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P&T Round(ball) Table: Are the Knicks a playoff team after their free agent spending spree?

Do Jalen Brunson and Isaiah Hartenstein put them over the top?

NBA: Toronto Raptors at New York Knicks Vincent Carchietta-USA TODAY Sports

The Knicks finished six games back of the play-in last season. This week, they added free agents Jalen Brunson and Isaiah Hartenstein. They also re-signed Mitchell Robinson. Are these upgrades enough to vault the Knicks back into playoff contention in 2022-23? The P&T staff weighs in...

Joe Flynn: No. Could the Knicks compete for a playoff spot? Absolutely. They have talent and depth. They have a handful of young players who seem primed for a breakout. But this is still Tom Thibodeau’s team, sadly. Thibs helped the Knicks to the playoffs when he could play an All-NBA-level Julius Randle 40 minutes a night and got 6MOY-level contributions out of Derrick Rose. This current roster, however, is built on youth and depth — two ideals that are anathema to Thibs. I don’t trust Randle to bounce back, and I don’t trust Thibs to pivot to an ascendant Obi Toppin. Now, if the front office trades Randle and forces Thibs’ hand, that’s another story.

Matthew Miranda: They can be a playoff team, if only because they can be a play-in team, putting them just a win or two away from the playoffs. Of the East’s top-10 teams a year ago, outside of catastrophic injury to any of their key players I think nine of them will be about as good as they were last season, if not better. Brooklyn could fall out of the play-in, which could open one spot for New York. Charlotte may once again be in the neighborhood of a .500 team, a mark these Knicks could linger around all season as well. The bigger threat to the Knicks could be the teams in their rear-view mirror: Indiana, Detroit and Orlando all drafted well in the lottery and figure to win more games this year than last.

Kento Kato: No. They have a roster that can make it interesting but I just don’t see them leapfrogging any of the team that made the playoffs last season. I guess I could see a world where Julius Randle comes back and plays better than he did last season. A Randle resurgence, along with the continued improvement of RJ Barrett and incoming point guard Jalen Brunson could help them sneak in through the play-in game. But at this moment, I am not confident in that happening. It’s much more likely we see a young team that shows flashes or brilliance but overall lacks the star power and top level talent to beat good and even mediocre teams consistently enough. I see Randle playing only a tiny bit better than he did last season and the return of coach Thibodeau and his archaic ways of coaching may lead to another frustrating season of wondering where the youth movement is.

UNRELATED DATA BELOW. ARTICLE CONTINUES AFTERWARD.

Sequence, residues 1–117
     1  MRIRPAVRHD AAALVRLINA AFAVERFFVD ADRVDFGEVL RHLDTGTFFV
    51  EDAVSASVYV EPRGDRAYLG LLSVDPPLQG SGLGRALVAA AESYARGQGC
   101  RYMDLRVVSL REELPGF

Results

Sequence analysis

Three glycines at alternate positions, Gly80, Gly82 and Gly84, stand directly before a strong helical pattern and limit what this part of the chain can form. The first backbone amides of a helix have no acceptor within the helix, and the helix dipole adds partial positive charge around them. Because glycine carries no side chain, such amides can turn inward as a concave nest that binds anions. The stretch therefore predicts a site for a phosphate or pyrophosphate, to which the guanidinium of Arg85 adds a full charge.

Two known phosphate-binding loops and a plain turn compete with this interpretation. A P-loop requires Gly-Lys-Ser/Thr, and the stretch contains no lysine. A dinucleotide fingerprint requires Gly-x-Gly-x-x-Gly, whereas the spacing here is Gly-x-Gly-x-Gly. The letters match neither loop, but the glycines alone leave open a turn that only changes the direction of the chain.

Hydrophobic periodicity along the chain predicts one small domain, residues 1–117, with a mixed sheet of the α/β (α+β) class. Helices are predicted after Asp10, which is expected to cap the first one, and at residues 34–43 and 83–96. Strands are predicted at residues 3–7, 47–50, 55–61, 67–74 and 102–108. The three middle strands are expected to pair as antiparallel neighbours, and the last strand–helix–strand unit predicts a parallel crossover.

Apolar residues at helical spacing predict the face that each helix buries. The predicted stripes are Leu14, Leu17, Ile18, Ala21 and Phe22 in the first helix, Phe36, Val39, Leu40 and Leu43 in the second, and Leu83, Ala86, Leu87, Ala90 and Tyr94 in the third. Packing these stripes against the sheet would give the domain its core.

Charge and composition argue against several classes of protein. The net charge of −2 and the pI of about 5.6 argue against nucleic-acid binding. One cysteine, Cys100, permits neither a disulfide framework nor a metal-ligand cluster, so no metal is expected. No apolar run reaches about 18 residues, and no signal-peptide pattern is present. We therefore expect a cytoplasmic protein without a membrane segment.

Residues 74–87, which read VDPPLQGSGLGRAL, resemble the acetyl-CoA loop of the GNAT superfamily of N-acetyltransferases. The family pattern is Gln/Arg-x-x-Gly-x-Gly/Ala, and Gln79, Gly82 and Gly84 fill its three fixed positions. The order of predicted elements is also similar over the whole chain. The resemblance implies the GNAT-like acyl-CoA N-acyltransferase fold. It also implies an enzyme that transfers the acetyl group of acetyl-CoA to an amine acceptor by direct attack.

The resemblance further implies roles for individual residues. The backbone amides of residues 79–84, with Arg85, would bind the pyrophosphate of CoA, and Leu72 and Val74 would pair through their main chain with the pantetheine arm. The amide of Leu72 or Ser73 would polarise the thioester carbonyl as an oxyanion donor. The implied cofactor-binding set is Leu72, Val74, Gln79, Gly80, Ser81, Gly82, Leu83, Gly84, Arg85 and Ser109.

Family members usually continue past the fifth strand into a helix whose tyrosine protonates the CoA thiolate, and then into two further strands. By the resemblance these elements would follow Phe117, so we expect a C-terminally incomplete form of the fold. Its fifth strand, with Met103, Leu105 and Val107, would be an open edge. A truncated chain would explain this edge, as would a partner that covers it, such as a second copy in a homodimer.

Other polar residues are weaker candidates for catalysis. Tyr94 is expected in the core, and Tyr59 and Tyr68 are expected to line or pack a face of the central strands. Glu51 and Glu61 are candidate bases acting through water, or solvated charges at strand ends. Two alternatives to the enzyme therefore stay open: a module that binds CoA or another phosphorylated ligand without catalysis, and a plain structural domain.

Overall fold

Lee Escobedo: No. And as contrarian as it sounds, it shouldn’t be the primary goal. Now that most of the veterans have been shipped out, it’s finally time to concentrate on youth and development. It will take a while for Jalen Brunson to adapt to a new role and team. He has only ever known playing second-fiddle to a generational talent. This Knicks team doesn’t have anything close to that. But we do have good vibes and a joyful young core. Something Brunson will immediately add to. Giving the young guys the lion’s share of the minutes will come with its fair share of bumps and bruises. There will be brutal stretches. Losses will pile up. But this young core will finally be given the opportunity to prove itself and show us all what each young player is made of. And hey, one more losing season plays in our favor too, as we will walk into next year’s stacked draft with potentially five first-round picks.

Russell Richardson: Yup. Unfortunately for the Knicks, the Eastern Conference is loaded with talent. All the playoff teams have at least two respected players leading them: Giannis, Jrue, and Khris; Jaylen and Jason; Zach and DeMar; etc. Jalen Brunson is a fantastic addition to the Knicks, but the fate of the team depends on a few other factors. Will Julius Randle bounce back from a dog of a season? Will RJ Barrett, Immanuel Quickley, and Obi Toppin continue to blossom, with one or more becoming worthy of All-Star consideration? Will Thibs be less rigid and find ways to maximize the talent he’s given? And even if the answers to all those questions are affirmative, the East is still a beast. Rather than ask if the Knicks are a playoff team, I’d ask if they are better than five other Eastern teams, because if so, they can squeak into the play-in bracket. I say sure, why not? New York will be better than the Hornets, Wizards, Pacers, Pistons, Magic, and the Nets, and will try their luck as a play-in team. But, don’t listen to me. I predicted they’d be third in the East last season and couldn’t shut up about their depth. Lesson learned.